Under the law “in a state school, both parties should receive due process rights, and in a private school, both parties should receive due process rights,” she says. This means that both parties must be notified of the complaint, have an opportunity to present evidence, and should both be treated fairly.
Conversations around Title IX often center on discipline, but Brodsky said that while it is “certainly true that sometimes schools need to take action against a wrongdoer to make sure that they don’t hurt others and to understand the severity of what happened,” she says that in her experience, many survivors report in order to access support, like mental health counseling. Bruno says this also includes requiring that survivors and perpetrators have the same access to education—for example, if they are in a class together, Title IX says that either the survivor is entitled to switch classes, or the perpetrator can switch.
Bruno says there is a marked shift for the better in how campuses are addressing these issues. In recent years, she has seen a push to educate schools and students about their Title IX rights, and responsibilities. It’s not that women are experiencing sexual violence more or less now, she said, but that there has been a “small cultural shift into the belief that that is no longer acceptable.”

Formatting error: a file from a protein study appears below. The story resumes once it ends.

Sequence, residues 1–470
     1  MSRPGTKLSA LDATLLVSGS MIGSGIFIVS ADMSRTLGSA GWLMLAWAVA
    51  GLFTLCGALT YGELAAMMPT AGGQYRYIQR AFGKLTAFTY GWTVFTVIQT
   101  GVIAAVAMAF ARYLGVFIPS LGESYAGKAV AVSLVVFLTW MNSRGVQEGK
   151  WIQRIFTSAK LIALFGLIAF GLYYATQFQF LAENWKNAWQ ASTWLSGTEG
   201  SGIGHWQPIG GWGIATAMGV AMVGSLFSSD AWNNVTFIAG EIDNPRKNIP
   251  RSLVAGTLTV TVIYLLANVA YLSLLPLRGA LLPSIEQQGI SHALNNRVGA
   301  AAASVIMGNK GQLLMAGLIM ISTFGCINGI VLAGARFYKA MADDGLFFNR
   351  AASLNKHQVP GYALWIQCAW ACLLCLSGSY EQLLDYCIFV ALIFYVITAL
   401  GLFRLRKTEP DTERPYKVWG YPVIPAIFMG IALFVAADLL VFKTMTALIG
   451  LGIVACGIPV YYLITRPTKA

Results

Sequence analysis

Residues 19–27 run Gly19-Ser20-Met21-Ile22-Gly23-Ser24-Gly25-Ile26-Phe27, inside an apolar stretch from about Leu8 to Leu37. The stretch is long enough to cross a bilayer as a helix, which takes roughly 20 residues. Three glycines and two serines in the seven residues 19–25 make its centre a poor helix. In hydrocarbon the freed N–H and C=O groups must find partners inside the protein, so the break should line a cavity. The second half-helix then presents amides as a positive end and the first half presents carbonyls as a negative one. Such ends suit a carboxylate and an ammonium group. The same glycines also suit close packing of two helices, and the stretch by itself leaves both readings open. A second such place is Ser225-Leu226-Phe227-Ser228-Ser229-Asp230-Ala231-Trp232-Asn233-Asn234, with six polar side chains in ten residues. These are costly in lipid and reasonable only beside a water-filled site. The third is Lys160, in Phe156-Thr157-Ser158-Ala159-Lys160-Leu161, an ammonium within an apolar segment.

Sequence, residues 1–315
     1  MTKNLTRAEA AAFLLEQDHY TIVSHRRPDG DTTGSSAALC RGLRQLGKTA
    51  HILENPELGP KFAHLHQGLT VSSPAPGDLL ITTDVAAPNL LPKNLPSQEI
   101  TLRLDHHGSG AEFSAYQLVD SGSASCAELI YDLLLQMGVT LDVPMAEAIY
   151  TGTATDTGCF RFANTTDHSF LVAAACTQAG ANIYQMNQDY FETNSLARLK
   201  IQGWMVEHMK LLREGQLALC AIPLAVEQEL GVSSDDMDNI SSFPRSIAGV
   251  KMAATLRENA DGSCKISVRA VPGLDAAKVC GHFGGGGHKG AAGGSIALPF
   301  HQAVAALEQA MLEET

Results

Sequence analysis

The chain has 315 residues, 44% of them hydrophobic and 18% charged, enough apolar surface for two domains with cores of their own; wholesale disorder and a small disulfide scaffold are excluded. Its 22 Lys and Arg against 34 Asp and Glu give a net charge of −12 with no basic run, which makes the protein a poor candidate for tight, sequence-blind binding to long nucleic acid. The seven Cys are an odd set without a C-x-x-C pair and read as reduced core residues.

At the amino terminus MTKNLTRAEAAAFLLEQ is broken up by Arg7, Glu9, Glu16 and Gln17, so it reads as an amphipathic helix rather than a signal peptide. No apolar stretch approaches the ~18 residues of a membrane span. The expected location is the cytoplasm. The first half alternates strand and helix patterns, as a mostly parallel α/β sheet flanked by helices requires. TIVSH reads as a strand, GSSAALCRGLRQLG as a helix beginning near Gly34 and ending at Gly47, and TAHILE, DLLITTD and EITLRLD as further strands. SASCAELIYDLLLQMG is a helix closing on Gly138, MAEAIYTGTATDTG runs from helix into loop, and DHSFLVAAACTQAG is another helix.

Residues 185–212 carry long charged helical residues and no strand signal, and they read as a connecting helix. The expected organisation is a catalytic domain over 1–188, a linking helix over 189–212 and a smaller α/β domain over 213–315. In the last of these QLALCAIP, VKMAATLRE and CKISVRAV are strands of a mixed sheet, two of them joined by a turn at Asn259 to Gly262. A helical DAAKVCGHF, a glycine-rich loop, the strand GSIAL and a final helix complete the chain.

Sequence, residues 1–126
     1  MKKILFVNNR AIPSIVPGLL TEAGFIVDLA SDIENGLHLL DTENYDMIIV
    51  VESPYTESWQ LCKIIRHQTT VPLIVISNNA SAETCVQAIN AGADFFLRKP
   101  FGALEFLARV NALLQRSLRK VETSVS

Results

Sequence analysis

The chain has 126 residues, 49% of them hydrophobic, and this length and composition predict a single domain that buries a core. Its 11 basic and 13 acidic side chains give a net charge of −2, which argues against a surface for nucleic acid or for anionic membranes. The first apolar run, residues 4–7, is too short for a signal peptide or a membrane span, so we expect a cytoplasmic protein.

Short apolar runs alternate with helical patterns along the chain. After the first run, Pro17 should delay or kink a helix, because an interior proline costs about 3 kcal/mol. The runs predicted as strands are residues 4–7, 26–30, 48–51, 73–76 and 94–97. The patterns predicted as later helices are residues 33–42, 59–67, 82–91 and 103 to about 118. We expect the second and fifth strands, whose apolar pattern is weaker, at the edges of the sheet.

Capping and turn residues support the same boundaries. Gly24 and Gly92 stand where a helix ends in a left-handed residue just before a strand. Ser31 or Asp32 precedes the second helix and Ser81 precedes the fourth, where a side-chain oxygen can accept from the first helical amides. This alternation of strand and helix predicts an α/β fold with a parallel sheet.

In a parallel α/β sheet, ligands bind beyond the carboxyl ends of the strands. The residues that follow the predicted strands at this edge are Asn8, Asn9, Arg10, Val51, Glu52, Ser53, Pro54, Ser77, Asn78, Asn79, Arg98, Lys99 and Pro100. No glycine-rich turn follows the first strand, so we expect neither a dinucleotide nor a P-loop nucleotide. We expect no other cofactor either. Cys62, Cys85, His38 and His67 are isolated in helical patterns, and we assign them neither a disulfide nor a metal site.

Still, there is room for improvement when it comes to these laws. Curcio argues, though, that change needs to go beyond the legal framework.
“Could the laws be better?” she asked. “Probably. Would better laws change a culture of sexual violence? Not necessarily.”
“Legal standards can help shape cultural understanding of societal wrong,” she continued. “However, true change only occurs when we educate ourselves and others about the harms caused by both overt and subtle sexually aggressive conduct, decide that conduct is socially unacceptable, and call out those who engage in unacceptable behaviors.”
Who are people in power supporting?
If anything, Brodsky says, there is a demand for more scrutiny, more diligence, and more benefit of the doubt for the accused, when it comes to sexual violence in the workplace. “You rarely see these kinds of arguments for people being bad at their job,” she said, with regard to individual firings. “Suddenly, you’re talking about sexual harassment and people want to have a full criminal trial,” she continued.
Writer and activist Ijeoma Oluo credits this to a longstanding prioritization of men and devaluing of women in society.